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The familiar and attractive flower of Himalayan balsam could be about to get a whole lot less common in the UK. Photo: CABI.
The familiar and attractive flower of Himalayan balsam could be about to get a whole lot less common in the UK. Photo: CABI.
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  • Himalayan balsam infected with the rust fungus. Photo: CABI.
    Himalayan balsam infected with the rust fungus. Photo: CABI.
  • Himalayan balsam in its native environment. Photo: CABI.
    Himalayan balsam in its native environment. Photo: CABI.

Parasitic fungus introduced to attack Himalayan balsam

Oliver Tickell

28th August 2014

Even if you love Himalayan balsam, it has surely become too much of a good thing as it takes over Britain's wetlands and riverbanks. But now it's facing a major setback - the deliberate introduction of a parasitic rust fungus from its native range in the mountains of Asia.

Unlike herbicide it will not wipe it out, but make it a benign plant in the ecosystem - as it is in the Himalayas where it has all its natural enemies to control it.

Could it be the beginning of the end for Himalayan balsam - the exotic purply-pink flower that has spread over, or invaded, riverbanks, damp woodlands, wastelands and soggy corners across much of the British Isles?

CABI, a non-profit research body, has just begun to release a rust fungus at locations in Berkshire, Cornwall and Middlesex as part of field trials to control the startlingly successful non-native weed (Impatiens glandulifera) using natural means.

The Environment Agency estimates that the weed occupies over 13% of river banks in England and Wales, its rapid spread enabled by the explosive pods which scatter its large black seeds over a wide area.

It can reach over three metres in height and competes with native plants, reducing biodiversity. Its presence also makes river banks more susceptible to erosion after it dies back in the late autumn.

Large scale chemical and manual control is often not feasible and not economically viable. Using existing measures, the Environment Agency estimates it would cost up to £300 million to eradicate Himalayan balsam from the UK.

Making the weed a 'good citizen'

But the weed is not all bad - though it's definitely far too much of a good thing. It adds colour to our countryside at a dull time of year in late summer and autumn when most native flora have finished flowering. And it is a rich source of nectar for bees and other pollinators when there's few others about.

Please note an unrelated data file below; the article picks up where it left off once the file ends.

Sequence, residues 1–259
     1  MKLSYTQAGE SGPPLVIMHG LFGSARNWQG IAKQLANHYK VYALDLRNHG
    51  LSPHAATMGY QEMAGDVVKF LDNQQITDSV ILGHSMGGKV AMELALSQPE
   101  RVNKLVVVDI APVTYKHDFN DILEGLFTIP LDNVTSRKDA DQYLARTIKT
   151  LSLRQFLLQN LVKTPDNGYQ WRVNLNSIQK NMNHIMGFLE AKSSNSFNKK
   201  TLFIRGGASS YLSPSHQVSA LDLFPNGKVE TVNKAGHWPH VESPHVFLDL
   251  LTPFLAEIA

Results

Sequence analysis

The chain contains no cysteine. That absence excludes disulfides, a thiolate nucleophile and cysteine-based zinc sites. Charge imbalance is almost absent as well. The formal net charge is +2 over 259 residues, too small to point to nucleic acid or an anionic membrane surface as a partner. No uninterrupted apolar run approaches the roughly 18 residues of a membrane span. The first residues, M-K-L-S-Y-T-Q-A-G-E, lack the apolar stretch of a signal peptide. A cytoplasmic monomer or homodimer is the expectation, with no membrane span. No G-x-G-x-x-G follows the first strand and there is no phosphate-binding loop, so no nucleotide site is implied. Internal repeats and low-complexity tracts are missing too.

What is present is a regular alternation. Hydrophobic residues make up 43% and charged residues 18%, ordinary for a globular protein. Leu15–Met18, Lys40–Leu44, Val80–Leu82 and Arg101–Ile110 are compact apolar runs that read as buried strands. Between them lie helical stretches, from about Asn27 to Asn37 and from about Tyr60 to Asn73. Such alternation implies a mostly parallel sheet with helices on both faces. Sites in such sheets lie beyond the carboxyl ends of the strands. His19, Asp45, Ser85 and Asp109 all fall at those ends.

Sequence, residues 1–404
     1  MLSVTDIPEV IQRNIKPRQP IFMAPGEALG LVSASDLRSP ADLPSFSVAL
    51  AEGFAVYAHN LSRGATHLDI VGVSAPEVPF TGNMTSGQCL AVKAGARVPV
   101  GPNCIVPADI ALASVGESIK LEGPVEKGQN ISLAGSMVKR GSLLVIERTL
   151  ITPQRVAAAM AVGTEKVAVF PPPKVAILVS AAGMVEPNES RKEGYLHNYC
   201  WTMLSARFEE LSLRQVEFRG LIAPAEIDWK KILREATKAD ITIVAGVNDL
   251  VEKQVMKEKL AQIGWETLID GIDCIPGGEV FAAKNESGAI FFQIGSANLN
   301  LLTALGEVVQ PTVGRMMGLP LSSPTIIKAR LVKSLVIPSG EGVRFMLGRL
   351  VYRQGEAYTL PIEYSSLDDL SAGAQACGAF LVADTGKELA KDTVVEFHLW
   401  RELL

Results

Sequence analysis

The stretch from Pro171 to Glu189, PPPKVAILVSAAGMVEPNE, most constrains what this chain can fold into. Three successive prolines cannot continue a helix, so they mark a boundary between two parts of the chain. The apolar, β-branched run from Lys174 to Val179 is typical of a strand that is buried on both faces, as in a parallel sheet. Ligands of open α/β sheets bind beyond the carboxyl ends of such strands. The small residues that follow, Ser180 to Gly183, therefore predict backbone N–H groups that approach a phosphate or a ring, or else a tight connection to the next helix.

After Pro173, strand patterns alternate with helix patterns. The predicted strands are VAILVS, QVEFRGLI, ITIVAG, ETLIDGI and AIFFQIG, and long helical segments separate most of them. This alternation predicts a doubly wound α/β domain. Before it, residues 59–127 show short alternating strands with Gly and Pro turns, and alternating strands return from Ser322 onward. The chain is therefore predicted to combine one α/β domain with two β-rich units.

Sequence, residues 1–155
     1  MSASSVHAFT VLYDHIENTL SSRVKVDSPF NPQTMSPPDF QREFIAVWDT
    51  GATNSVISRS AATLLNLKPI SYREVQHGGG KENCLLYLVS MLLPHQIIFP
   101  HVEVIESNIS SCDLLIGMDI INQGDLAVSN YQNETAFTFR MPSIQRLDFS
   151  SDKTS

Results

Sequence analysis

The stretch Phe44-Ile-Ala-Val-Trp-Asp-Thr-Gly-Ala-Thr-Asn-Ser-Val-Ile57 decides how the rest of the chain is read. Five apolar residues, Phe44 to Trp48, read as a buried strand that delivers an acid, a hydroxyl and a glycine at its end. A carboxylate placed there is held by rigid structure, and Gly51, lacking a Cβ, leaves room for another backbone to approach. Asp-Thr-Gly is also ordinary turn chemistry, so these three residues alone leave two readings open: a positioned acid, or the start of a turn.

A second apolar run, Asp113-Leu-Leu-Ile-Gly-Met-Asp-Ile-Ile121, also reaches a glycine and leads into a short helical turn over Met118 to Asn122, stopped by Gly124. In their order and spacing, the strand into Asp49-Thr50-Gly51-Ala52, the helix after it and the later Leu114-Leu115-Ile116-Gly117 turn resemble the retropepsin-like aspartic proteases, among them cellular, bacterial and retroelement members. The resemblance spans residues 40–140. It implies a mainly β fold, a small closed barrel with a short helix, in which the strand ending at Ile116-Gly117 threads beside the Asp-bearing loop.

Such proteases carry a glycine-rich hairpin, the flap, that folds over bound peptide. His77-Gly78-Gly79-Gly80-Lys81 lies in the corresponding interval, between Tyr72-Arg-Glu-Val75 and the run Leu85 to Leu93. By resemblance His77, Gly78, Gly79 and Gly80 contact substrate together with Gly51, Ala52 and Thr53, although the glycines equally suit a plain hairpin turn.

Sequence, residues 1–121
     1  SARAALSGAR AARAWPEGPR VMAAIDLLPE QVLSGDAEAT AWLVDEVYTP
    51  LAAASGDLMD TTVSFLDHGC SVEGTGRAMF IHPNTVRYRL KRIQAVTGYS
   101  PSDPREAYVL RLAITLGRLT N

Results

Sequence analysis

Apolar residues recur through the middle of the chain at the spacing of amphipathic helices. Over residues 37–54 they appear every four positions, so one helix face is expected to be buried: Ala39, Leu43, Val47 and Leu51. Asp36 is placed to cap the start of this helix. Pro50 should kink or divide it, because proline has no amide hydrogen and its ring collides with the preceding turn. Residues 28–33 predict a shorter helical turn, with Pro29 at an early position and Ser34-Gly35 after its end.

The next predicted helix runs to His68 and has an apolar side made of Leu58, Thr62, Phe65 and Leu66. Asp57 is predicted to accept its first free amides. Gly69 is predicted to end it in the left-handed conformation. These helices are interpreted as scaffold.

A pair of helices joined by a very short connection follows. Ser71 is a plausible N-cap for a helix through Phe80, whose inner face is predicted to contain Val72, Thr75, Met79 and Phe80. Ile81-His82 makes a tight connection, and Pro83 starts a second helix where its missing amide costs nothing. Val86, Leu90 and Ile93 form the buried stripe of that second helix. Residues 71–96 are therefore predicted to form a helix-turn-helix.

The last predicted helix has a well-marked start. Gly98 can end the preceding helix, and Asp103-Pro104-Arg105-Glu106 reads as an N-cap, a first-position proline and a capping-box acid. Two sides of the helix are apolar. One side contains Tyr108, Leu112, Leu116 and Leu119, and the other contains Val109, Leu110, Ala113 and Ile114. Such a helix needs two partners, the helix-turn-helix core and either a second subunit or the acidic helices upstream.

So will the rust fungus eliminate Himalayan balsam altogether? No, says Dr Robert Tanner, Senior Scientist at CABI: "Biocontrol will address the imbalance that means it can create vast monocultures over acres of riverbanks - and bring it down below the level where it is no longer having a harmful effect.

"Unlike herbicide it will not wipe it out, but make it a benign plant in the ecosystem - as it is in the Himalayas where it has all its natural enemies to control it. We want the fungus to do its work where you get balsam in large swathes along our river systems, where it's highly dense and abundant, and act a self-thinning agent."

It will take some years for the fungus to spread and reduce the vigour of the species, he adds. "Over that time we hope to see the balsam reduce especially where it dominates ecosystems, and see recolonisation with native species. It won't disappear altogether, but will take its place among the nettles, willowherb and meadowsweet."

Eight years of research

The release of the rust fungus comes after an eight-year research programme funded primarily by Defra and the Environment Agency, with contributions from Network Rail, the Scottish Government and Westcountry Rivers Trust.

The aim of CABI's research was to find one of the many insects or fungi attacking the plant that had evolved to attack only Himalayan balsam, which could be released into the UK to control the weed while leaving indigenous species unharmed. CABI found that the rust fungus did just that.

During the course of the research, testing in quarantine laboratories has established that the rust fungus causes significant damage to Himalayan balsam and does not impact on native species.

According to Dr Tanner, it has been tested on 74 plants - including Britain's only native relative, Impatiens noli-tangere (Touch-me-not balsam), which grows (in the UK) mainly in the Lake District - and it only affects a single unimportant ornamental species, Impatiens balsamina.

A European 'first'

Defra Ministers took the decision to allow CABI to release the rust fungus in July 2014. This decision followed the Food and Environment Research Agency's (FERA) review of the scientific research and a public consultation on the proposed release of the fungus to control Himalayan balsam, which ran from May to June 2014.

Lord de Mauley, Minister for natural environment, said: "This is a great step forwards in tackling Himalayan balsam. This invasive weed prevents our native plants from flourishing, can increase flood risk, and costs the British economy £1m per year to clean up.

"The work CABI has done in identifying a natural control method will help us reduce the impact of Himalayan balsam without any negative effects on native species."

The rust fungus release is the first release of a fungal control agent in Europe - but surely not the last.

 


 

More information: see CABI's dedicated website on Himalayan balsam.

Oliver Tickell edits The Ecologist.

 

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